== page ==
#2 START Training in Advance
Training your Yorkie or dog to walk down the aisle should begin at least 2 months before the wedding day. Depending on your dedication along with your dog’s temperament, you may want to start earlier, say 3 or 4 months in advance.
#3 Practice, Practice, PRACTICE!
Practice with your dog as often as possible! The more familiar your dog is with walking down the aisle, the more relaxed he or she will be on the wedding day.
Unless you are having a backyard wedding, it’s not realistic to expect access to the ceremony venue before the rehearsal. And, unless you can replicate the ceremony “atmosphere,” your best bet is to train your dog to walk down the aisle both indoors and outdoors. Line up some chairs on both sides to create the aisle. Throw some petals or fake flowers on the floor to familiarize your dog with the typical aisle decor. You can buy a small, cheap bouquet or petals from the market and reuse the petals after they’ve dried. An alternative is to adorn small, torn pieces of paper throughout the aisle. The point is to familiarize your dog with petals and/or decorations. Observe how he or she reacts! You may need to invest more time in training if your dog loves messing with the rose petals.
#4 Practice with the Ceremony MUSIC
Familiarize your Yorkie or dog with the ceremony music! Don’t blast the music, but keep it in the background on repeat as you practice walking down the aisle with your dog. The more you do this, the easier it will be for your dog to make a positive affiliation among music, walk, and treats. On the wedding day, be sure to keep the ceremony music low. A dog’s ears are about 4X as sensitive as humans! With highly sensitive ears, dogs may feel both fear and pain when exposed to loud music.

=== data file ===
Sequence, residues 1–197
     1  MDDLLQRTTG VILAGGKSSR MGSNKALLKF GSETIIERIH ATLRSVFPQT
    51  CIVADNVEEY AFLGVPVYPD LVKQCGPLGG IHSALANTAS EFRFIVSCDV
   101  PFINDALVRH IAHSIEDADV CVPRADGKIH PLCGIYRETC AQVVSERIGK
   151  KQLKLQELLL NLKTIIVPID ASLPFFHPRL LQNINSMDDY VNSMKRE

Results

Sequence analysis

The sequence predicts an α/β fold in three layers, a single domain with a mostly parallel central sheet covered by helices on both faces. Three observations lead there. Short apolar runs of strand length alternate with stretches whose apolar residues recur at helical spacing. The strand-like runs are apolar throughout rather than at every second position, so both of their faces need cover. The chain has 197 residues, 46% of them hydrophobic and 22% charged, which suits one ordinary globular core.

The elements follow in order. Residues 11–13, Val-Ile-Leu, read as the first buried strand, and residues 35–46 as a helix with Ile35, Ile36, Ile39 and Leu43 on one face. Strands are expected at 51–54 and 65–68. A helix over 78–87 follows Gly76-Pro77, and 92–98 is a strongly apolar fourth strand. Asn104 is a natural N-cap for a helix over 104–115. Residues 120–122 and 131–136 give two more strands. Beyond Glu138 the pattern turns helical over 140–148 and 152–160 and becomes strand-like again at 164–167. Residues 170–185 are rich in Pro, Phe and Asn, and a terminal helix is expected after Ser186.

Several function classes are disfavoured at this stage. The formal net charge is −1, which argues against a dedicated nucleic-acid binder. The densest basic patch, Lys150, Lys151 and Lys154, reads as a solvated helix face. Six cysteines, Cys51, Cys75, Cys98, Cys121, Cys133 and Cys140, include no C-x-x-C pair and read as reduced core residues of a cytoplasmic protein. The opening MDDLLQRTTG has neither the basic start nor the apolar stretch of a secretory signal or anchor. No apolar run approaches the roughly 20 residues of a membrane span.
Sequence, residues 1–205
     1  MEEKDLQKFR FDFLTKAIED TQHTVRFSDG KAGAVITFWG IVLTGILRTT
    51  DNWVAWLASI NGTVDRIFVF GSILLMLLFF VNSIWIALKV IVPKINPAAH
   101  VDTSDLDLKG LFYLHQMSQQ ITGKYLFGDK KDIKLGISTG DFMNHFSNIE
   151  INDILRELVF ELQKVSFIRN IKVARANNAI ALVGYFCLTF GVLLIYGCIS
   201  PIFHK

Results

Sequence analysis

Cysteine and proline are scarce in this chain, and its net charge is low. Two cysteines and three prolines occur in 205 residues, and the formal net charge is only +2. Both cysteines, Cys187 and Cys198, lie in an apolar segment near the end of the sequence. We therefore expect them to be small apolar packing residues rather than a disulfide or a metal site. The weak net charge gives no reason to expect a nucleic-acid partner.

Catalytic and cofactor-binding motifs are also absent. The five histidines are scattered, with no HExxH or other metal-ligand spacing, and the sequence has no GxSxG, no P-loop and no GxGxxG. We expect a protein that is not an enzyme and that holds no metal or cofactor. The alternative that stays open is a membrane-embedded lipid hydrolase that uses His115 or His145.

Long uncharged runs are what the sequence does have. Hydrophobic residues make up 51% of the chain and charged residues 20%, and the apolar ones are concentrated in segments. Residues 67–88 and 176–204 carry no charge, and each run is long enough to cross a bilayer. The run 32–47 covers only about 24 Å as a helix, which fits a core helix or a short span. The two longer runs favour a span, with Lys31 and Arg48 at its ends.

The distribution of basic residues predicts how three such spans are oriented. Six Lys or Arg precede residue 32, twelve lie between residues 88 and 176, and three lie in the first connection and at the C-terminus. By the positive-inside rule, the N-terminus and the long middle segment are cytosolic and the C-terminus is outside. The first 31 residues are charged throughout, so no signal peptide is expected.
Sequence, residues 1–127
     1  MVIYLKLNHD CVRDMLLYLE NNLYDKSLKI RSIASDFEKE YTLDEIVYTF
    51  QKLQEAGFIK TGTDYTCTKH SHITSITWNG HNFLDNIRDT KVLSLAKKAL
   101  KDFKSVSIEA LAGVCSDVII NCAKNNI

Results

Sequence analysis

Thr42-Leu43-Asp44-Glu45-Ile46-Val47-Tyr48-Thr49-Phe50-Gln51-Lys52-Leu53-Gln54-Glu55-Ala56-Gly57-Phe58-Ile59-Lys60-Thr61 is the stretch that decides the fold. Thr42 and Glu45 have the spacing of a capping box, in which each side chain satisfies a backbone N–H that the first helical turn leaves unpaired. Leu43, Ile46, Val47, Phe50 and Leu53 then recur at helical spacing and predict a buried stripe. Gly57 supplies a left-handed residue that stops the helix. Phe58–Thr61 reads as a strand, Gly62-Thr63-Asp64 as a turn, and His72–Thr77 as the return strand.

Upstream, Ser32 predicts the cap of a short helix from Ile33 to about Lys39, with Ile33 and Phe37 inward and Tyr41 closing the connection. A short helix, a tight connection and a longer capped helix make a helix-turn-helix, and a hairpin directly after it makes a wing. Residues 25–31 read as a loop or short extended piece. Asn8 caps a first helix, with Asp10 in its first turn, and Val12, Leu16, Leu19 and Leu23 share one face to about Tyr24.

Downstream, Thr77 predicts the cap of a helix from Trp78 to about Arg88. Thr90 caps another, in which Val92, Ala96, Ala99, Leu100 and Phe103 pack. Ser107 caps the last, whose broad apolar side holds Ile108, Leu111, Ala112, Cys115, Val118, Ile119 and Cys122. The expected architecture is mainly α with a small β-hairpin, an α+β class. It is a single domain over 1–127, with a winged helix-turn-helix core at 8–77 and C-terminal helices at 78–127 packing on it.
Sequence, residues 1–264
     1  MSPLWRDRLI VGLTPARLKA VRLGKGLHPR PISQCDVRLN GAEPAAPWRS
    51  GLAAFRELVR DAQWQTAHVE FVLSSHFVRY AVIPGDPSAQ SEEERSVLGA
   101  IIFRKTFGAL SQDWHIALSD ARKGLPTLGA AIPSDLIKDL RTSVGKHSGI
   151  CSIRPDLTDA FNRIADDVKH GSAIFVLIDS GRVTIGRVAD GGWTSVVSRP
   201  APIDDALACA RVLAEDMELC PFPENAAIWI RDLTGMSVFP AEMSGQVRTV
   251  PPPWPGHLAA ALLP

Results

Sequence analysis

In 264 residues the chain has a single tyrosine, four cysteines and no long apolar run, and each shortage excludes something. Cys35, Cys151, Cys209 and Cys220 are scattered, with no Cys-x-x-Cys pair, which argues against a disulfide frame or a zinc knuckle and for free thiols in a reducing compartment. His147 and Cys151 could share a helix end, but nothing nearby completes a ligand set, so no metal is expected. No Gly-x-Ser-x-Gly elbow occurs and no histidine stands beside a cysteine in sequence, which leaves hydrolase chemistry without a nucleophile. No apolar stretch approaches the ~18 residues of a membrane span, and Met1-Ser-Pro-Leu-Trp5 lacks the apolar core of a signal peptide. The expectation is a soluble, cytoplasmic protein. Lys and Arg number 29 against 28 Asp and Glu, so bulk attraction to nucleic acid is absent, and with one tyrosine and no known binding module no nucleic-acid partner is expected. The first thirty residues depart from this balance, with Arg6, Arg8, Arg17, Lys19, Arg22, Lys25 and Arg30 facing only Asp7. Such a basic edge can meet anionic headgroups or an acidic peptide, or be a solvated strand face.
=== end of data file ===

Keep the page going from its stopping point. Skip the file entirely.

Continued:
#5 Put TREATS on the Aisle
If you are having trouble training your dog to walk down the aisle, you can try sprinkling treats on the aisle to entice your dog to follow the straight path. Just make sure you keep treats away from the petals or flowers (you wouldn’t want your dog swallowing rose petals by accident).
#6 Do NOT have a Child Walk Your Dog down the Aisle
I know it’s hard to give up the “adorable” images of a little flower girl walking out with a flower dog in matching headgear or outfits, but please don’t do it! Save the headache by having a responsible adult escort or handle your dog. I recommend 14-years-old as the minimum age for a child to responsibly walk or escort a dog. The only exception I would make is if the child is extremely familiar with your dog AND knows how to respect a dog’s boundaries; with that said, I still strongly advise AGAINST it. The presence of loud and obnoxious children can be very stressful for many dogs, especially ones who they don’t know well, carry them around (mishandle without knowing), treat them like toys, or mess with them for fun.